GENEVA -- Eleven thousand Syrians have fled to neighboring countries in the last 24 hours -- 9,000 of them into Turkey alone -- because of the civil war, United Nations refugee agency officials said on Friday, warning that violence in Syria and the humanitarian crisis were escalating.
The latest surge of refugees, which also included 1,000 Syrians reaching Lebanon and 1,000 into Jordan, took the number who have registered with the United Nations to more than 408,000, said Panos Moumtzis, the refugee agency official who is coordinating the response. The true total of those fleeing the conflict is much higher because many refugees have had not registered, Mr. Moumtzis said.
The majority of registered refugees have sought haven in Turkey, which borders northern Syria and is an enclave for the rebels fighting to topple the Syrian president, Bashar al-Assad.
The Syrian Observatory for Human Rights, an opposition group based in Britain with a network of contacts in Syria, said it had counted at least 8,000 Syrians entering Turkey overnight.
Among those who arrived in Turkey early Friday through a crossing in Hatay's Reyhanli township, were 26 Syrian Army defectors, including 2 generals and 11 colonels, the semiofficial Anatolian News Agency of Turkey reported.
The surge in refugees fleeing the conflict came as agencies of the United Nations and other groups met donor governments in Geneva to report on the crisis and appealed for a greater financial support.
"There is more violence, more humanitarian suffering, more displacement and more losses," said Radhouane Nouicer, the refugee agency's Damascus-based coordinator.
The United Nations estimates that more than 2.5 million people are in need of humanitarian assistance across Syria -- including 1.2 million displaced by the conflict -- were conservative, he said.
The United States will provide $34 million in additional aid to Syrians affected by conflict, bringing the total provided by the United States to $165 million, the American diplomatic mission in Geneva said in an announcement distributed at the donor meeting.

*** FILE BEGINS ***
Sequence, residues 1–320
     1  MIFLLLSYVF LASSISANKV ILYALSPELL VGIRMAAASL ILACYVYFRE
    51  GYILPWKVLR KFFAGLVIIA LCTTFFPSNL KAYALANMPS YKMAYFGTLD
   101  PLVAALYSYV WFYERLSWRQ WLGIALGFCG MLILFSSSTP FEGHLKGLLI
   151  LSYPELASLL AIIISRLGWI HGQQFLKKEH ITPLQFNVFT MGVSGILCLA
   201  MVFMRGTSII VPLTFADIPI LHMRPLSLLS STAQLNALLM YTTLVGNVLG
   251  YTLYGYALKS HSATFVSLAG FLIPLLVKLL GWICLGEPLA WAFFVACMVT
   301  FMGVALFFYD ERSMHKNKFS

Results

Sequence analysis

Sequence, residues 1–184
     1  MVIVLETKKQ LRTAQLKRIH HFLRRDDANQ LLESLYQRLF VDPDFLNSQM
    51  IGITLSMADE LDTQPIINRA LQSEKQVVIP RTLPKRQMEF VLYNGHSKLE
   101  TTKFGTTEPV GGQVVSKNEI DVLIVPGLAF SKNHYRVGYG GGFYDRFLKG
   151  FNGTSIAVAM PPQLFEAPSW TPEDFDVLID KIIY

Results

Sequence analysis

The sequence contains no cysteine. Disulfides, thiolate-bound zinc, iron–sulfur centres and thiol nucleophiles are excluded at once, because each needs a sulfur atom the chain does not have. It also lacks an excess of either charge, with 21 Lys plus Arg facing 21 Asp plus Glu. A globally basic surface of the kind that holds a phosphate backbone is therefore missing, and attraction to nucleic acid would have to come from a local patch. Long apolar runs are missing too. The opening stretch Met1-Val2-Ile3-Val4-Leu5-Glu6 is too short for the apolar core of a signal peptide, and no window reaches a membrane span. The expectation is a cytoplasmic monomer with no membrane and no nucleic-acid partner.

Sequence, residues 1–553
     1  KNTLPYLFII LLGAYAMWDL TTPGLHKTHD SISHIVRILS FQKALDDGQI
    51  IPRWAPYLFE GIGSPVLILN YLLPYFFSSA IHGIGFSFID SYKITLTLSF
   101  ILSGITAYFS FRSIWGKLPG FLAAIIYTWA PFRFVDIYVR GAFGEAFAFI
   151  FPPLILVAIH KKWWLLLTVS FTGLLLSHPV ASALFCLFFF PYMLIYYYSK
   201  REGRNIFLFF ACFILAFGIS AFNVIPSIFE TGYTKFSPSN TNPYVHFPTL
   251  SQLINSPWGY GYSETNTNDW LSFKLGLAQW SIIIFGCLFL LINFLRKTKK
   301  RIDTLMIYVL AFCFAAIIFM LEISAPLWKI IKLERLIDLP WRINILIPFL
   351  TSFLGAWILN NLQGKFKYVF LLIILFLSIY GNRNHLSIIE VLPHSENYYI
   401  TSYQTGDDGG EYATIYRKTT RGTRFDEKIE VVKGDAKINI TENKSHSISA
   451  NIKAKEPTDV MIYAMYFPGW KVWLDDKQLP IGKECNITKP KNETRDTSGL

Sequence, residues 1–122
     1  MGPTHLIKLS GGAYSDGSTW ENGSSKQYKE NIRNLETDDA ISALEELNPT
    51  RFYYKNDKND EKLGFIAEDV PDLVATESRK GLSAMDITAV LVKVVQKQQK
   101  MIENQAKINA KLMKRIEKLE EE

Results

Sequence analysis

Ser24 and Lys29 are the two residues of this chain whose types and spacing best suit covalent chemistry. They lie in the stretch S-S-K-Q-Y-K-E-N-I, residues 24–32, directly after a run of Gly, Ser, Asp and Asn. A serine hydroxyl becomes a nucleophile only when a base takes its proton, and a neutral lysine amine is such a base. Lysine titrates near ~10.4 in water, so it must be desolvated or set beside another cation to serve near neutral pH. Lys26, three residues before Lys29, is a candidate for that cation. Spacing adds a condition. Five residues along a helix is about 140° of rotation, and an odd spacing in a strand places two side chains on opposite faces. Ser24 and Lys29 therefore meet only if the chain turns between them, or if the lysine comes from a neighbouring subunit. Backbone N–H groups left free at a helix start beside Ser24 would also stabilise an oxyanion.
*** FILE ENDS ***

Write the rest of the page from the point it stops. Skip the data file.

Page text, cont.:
Groups that track the violence reported widespread attacks on Friday. A car bomb exploded in front of city hall in the Damascus suburb of Moadamiya, killing and wounding a number of people, the Local Coordination Committees, a collection of activist organizations across Syria, said. The group and another opposition organization said there were a number of other attacks attributed to the government forces, including attacks by warplanes, on the southern districts of the capital and a number of other suburbs.
In eastern Syria near the city of Deir al-Zour, another insurgency battleground, activists said fighters of Free Syrian Army, the main rebel fighting group, were locked in major combat with government forces, particularly in the al-Kouria area.
"Today there was a massacre in al-Kouria, in the suburbs, because the Free Syrian Army is besieging the location of the artillery which is shelling the surrounding villages," said Omar Abu Layla, a Syrian activist in Deir al-Zour, reached through Skype. He added that warplanes were overhead.
The Syrian Observatory for Human Rights reported rebels and government forces fought in the Damascus suburb of Harasta, while the towns of Zamalka and Sabka were shelled. More than 20 men from Mr. Assad's forces were killed and wounded when a fighter from the al-Nusra Front, a jihadist group that Western officials say has links to Al Qaeda, blew up a military checkpoint near the Damascus suburb of Ein Tarma. At least 17 people were killed when the town of al-Kurieh was shelled, according to antigovernment activists.
The Syrian Observatory also said that many civilians fled the town of Ras al-Ain near the Turkey border after fierce fighting between government forces and rebels. Those leaving joined an outflow of displaced people that is estimated to have reached about 20,000 from that area alone.
Sebnem Arsu contributed reporting from Hatay, Turkey; Hania Mourtada from Beirut, Lebanon; and Christine Hauser from New York.world
This article originally appeared in The New York Times.